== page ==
Posts tagged with: advice

My best advice and lesson from 2015: Cull toxic relationships.

2015 has been a wild ride and major pivot point in my life. It was filled with many new adventures, many amazing successes, a massive career shift and the end to two long-term and toxic relationships that have exponentially changed me. If there’s any advice I could give my past (and future) self, it would be to cut ties with toxic and self destructive things. Life is just far too short.

I know people say this a lot because it will just infect you like a cancer and it almost becomes white noise. I tended to ignore it sometimes because I always wanted to hold tight and work through challenges and try to make things better than I’ve found them. My whole career has been focused on improving organizations that are in trouble or lost on digital — and we *have* made things better and achieved a lot, most of the time.

But along with that, you also need to know that some things you just can’t fix and if you don’t let them go, they will pull you into the quicksand with them. I’m still reeling from how much Stockholm Syndrome I had, how much I invested to try and fix an unfixable thing, and how much I wish I had cut ties so much earlier. …But such is life. Now I have a new, much more positive one and am seeking out and surrounding myself with more diverse, positive, high-achievers that will challenge me in good ways and help me become more excellent.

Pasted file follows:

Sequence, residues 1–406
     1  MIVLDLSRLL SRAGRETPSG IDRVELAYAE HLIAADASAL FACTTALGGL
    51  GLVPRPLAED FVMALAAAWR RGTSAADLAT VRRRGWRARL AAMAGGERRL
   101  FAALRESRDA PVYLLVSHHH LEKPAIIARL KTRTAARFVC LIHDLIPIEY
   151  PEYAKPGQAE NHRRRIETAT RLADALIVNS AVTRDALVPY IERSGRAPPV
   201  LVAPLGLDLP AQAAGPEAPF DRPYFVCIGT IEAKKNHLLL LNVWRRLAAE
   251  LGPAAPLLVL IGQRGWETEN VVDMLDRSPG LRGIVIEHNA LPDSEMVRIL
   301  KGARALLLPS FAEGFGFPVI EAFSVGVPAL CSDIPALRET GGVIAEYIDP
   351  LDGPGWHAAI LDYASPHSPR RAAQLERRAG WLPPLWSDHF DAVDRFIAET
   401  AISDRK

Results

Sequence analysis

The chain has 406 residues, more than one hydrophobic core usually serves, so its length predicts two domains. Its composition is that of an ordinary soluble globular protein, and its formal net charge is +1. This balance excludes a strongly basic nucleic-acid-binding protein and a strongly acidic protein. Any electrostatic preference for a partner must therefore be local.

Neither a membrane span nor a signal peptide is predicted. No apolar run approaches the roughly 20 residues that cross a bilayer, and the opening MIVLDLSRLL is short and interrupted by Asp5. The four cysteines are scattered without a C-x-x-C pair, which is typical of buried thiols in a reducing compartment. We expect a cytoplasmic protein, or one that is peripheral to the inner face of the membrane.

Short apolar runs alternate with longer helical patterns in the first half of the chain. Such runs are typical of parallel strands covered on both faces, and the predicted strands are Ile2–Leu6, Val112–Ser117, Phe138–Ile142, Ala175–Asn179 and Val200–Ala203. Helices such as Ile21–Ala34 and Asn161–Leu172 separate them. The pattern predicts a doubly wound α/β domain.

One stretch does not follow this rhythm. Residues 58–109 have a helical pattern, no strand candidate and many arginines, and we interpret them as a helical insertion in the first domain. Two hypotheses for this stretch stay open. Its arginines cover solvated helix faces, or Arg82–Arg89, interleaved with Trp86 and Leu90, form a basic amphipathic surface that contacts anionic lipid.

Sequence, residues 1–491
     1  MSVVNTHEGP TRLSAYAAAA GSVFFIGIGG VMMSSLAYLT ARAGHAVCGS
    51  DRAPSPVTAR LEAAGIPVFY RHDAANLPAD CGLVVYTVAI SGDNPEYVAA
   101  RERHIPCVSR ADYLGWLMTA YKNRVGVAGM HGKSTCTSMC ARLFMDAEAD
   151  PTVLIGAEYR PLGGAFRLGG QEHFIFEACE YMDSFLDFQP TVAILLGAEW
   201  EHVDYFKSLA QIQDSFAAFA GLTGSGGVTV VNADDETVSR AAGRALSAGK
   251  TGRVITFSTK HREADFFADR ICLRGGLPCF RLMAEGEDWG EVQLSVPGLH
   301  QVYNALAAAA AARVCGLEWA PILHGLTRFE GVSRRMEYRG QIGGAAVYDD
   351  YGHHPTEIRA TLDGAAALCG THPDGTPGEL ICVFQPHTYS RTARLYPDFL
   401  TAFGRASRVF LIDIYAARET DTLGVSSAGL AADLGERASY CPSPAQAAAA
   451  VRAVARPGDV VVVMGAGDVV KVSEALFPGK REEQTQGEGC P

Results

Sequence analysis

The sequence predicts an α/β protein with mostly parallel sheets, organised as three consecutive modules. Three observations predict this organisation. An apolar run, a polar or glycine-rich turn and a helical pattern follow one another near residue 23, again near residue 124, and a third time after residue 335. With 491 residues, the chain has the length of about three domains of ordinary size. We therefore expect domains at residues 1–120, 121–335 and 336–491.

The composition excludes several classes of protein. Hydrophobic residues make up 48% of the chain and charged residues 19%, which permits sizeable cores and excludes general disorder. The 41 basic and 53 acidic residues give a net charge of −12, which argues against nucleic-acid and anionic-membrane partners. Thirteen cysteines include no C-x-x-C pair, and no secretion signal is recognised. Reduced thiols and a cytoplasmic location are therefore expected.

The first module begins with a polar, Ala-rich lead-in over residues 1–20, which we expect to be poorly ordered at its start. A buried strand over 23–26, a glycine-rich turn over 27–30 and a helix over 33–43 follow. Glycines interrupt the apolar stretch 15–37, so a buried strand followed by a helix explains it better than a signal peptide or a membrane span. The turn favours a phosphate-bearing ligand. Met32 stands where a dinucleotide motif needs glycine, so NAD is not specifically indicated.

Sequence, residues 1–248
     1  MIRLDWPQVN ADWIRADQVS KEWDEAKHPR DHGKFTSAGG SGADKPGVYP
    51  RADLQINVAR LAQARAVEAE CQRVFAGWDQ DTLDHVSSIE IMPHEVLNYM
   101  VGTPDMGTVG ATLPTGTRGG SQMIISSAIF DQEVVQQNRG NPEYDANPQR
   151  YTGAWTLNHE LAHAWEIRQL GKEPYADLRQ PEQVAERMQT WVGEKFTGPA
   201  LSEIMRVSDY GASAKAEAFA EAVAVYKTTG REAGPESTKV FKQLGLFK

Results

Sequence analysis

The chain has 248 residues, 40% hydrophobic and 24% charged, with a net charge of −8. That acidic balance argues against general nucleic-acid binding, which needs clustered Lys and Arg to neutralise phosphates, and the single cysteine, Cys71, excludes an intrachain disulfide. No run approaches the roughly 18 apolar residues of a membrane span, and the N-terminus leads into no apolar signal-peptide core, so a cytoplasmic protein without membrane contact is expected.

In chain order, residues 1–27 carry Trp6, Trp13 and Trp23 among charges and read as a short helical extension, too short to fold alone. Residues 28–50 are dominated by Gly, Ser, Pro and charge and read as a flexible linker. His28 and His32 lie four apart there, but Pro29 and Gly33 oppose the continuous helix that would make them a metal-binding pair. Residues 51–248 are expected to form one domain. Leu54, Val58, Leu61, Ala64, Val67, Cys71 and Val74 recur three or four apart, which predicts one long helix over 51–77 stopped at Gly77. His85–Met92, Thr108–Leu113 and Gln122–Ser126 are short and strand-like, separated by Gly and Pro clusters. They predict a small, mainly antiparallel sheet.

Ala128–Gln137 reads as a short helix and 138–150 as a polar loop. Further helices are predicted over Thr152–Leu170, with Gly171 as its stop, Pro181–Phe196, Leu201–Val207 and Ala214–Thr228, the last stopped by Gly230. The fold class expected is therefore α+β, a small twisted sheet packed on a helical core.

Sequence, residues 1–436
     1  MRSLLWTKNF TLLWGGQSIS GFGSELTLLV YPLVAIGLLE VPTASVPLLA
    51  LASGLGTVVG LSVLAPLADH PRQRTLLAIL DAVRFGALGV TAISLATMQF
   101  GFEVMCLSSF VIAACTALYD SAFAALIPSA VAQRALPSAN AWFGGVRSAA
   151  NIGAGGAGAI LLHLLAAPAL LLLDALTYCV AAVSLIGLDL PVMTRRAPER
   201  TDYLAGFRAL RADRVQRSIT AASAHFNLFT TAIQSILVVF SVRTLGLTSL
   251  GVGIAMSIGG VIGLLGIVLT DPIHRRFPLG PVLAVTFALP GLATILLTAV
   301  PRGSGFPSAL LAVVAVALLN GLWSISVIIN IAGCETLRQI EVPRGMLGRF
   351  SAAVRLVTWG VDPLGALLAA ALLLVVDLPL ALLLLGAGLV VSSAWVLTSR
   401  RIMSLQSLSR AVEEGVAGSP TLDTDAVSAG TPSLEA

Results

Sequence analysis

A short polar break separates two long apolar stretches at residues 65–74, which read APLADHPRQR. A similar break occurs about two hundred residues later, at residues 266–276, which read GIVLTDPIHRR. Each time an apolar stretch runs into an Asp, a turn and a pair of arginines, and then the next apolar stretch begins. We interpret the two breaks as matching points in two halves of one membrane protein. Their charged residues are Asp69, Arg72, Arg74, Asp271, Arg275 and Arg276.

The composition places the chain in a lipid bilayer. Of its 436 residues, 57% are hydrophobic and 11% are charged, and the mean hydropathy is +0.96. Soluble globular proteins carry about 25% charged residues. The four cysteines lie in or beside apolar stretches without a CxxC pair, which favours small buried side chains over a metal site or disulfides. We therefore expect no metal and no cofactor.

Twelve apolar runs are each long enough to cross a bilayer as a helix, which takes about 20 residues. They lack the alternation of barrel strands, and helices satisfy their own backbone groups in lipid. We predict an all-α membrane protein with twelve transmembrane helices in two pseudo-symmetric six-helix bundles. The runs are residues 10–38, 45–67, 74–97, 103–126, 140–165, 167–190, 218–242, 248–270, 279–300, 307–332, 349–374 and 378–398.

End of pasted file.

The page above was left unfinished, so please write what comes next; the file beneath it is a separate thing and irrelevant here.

Onward and upward, to 2016!

Some of the best management advice I’ve seen this year from an Imgur product director

One of the best posts of management advice I’ve seen this year so far is, “21 management things I learned at Imgur,” from Sam Gerstenzang, a former product director at Imgur now at the tech investment firm a16z, which reminded me  of and reinforced a lot of hard lessons I’ve learned over the years.

There’s so much in this succinct piece that’s valuable but a handful of the first three are really hitting home right now (I’m dealing with an unmotivated person on a side project):

1. It’s terribly difficult to manage unmotivated people. Make your job easier and don’t.

2. Different people need different kinds of management. Be adaptable to figure out what drives each person’s best performance.

6. Fire quickly. If you don’t fire bad performers fast, you’re at risk of losing your good performers. Don’t underestimate the effect bad performers have on good performers. Your team will likely move faster even with fewer bodies. Finally, firing for bad performance is easier than having to fire good people because you’ve run out of money, so fire the bad people before you have to fire the good people too.

Check out the full list and save it to back to periodically. Repetition is sometimes necessary to learn these hard management lessons.